Legend of the Guardians: The Owls of Ga'Hoole
What It Is
Each day, the young barn owl Soren (Jim Sturgess) and his little sister Eglantine (Adrienne DeFaria) act out the stories their dad (Hugo Weaving) tells them. These are stories of courageous and wondrous owls, the Guardians, who protect regular, less valiant owls from a group of bad owls. But even as the young siblings imagine themselves into the heroic tales, Soren’s older brother Kludd (Ryan Kwanten) ridicules him for believing them. Dad gives them a hint: “Just because you can’t see something doesn’t mean that it isn’t real.”
It’s not long before the brothers discover the stories are true — most vividly, the part about the bad owls. Kidnapped by some of these bad owls, Soren and Kludd are lown off to a scary island where they see dozens of other young owls, living and working like slaves. Impressed by their spirit, the evil Nyra (Helen Mirren), who rules the island alongside her partner, Allomere (Sam Neill), gives the newcomers a choice: they can join with her, and be named Pure Ones like her devoted followers, or they can stay below and labor with the rabble. Kludd likes being called special, and so he joins up. Soren misses his sister and parents, and so decides he’ll escape, with another owl he meets, Gylfie (Emily Barclay), encouraged by an older owl who’s grown disillusioned with the increasingly fascist Pure Ones. He tells them they must find the guardians, who are, after all, real.
All of this plot is laid out in the first 20 minutes or so of the awkwardly titled Legend of the Guardians: The Owls of Ga’Hoole. Based on the first three of Kathryn Lasky’s 15-book children’s series, Zack Snyder’s movie then follows Soren and Gylfie’s journey, by way of lots of flying-over-landscapes shots and some battling of the elements, like thunderstorms and rough seas. The young owls are accompanied by the aging warrior-poet Twilight (Anthony LaPaglia) and the energetic Digger (David Wenham), as well as a snake named Mrs. Plithiver (Miriam Margolyes), who has served as nanny to Soren and his siblings. (It’s good to know that creatures born to be enemies can get along.) This trio provides comic relief, like the sidekicks in so many Disney films. Thus, the journey allows for the development of friendships as well as tests of courage and wisdom.
Why It’s Fun
Given the nature of its protagonists, much of the film’s action is airborne, and as such, it makes decent use of the 3D animation (courtesy of the same effects company who brought you Happy Feet, about surfing penguins). Here the flying images recall scenes from any of the Harry Potter movies, partly because the young owls are learning how to fly at first, partly because they so enjoy their skills once they achieve them, and partly because the point-of-view imagery is fast-paced and sometimes exhilarating.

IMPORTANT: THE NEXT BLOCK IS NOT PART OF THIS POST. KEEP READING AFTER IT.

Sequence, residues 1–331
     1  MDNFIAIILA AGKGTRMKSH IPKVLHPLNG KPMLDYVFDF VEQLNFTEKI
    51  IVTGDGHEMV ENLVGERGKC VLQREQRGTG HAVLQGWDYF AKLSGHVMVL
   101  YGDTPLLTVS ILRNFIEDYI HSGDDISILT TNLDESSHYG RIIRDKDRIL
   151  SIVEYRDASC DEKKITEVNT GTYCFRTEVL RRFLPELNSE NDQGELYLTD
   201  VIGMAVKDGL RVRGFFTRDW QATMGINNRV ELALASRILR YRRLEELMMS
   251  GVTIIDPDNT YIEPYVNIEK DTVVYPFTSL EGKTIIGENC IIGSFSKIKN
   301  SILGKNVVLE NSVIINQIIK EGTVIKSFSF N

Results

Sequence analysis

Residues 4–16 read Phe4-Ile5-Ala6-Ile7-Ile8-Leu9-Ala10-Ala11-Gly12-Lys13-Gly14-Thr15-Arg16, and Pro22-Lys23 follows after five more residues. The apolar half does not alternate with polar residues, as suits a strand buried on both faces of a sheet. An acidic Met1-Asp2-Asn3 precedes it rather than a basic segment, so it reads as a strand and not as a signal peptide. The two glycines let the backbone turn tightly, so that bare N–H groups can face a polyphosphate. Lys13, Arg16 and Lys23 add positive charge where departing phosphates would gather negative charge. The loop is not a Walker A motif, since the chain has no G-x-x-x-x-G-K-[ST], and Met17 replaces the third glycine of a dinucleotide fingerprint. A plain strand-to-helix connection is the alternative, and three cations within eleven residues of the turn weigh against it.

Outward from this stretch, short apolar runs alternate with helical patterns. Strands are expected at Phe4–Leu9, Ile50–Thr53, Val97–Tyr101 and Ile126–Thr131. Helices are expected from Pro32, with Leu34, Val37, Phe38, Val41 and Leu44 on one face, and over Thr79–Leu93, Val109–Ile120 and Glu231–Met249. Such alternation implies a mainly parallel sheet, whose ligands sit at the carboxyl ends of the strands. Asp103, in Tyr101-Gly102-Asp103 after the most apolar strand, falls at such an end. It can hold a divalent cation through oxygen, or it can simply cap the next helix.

When Soren and his friends locate the Guardians and lead them back to save the other owls from the Pure Ones, the climactic battle sequence works hard to be exciting, and to keep track of who’s who. Good owls wear gold armor, bad owls wear dark armor (one of most menacing is called Metal Beak [Joel Edgerton]), and everyone engages in rousing soars and swoops, mostly in slow motion.
Who’s Going To Love It
Fans of the source books will want to compare their visions of the owls to the film’s version (much as Soren himself compares his vision of the Guardians to the real thing).
The Owls of Ga’Hoole will also appeal to viewers who have seen the other movies it borrows from, including The Lion King, the Harry Potters, Avatar, and the Star Wars franchise (as Soren learns to fight, he is encouraged to “Listen to your gizzard,” much as Luke Skywalker was instructed to “Use the force.”)
Beyond such specific references, the film delivers repetitive action and occasional discussions of heroism, community, and bravery.
While Soren’s arguments with his brother Kludd are distressing, they might also be familiar to siblings who sometimes disagree. Alternately, Soren’s devotion to Eglantine, while too briefly glimpsed here, is heartening (and a likely starting point for a movie sequel).
What To Be Aware Of
Parents of younger viewers might be cautioned that a couple of owls get excited enough to use some minor language (like “hell”) and, more importantly, some plot turns are alarming.
First, the enslavement of the young owls is depicted as their hard labor, though most often revealed in long shots, from a distance. Second, the young owls are zapped into submission through a hypnosis process that’s not really explained, but is unnerving, especially when Soren sees his beloved sister’s eyes turn into spinning saucers; at this point he’s inspired to seek a personal sort of vengeance.
And third, the struggle between Soren and Kludd is not resolved peacefully, which leads to a jarring and briefly upsetting death scene at film’s end.
In fact, the lengthy last battle sequence is surprisingly violent for a PG movie, with fires blazing, trees exploding, owls slamming into each other, and owls falling from the sky. The violence is animated, but still, it might remind you that director Synder’s previous movies include a remake of Dawn of the Dead, 300, and Watchmen, all very bloody affairs and keen on special effects, and none suitable for kids.
Unlike the action in those R-rated films, the fights in The Owls of Ga’Hoole are decidedly bloodless. And the owls — save for the stern Nyra and her conniving crew — are mostly cute, their faces expressive, and their loyalties intense. Their efforts to save each other are admirable.
6 out of 10
Legend of the Guardians: The Owls of Ga’Hoole
Director: Zack Snyder
Cast: Helen Mirren, Geoffrey Rush, Jim Sturgess, Hugo Weaving, Emily Barclay, Abbie Cornish, Ryan Kwanten, Anthony LaPaglia, Miriam Margolyes, Sam Neill
Studio: Warner Bros. Pictures
US Premiere: September 24, 2010
UK Premiere: October 15, 2010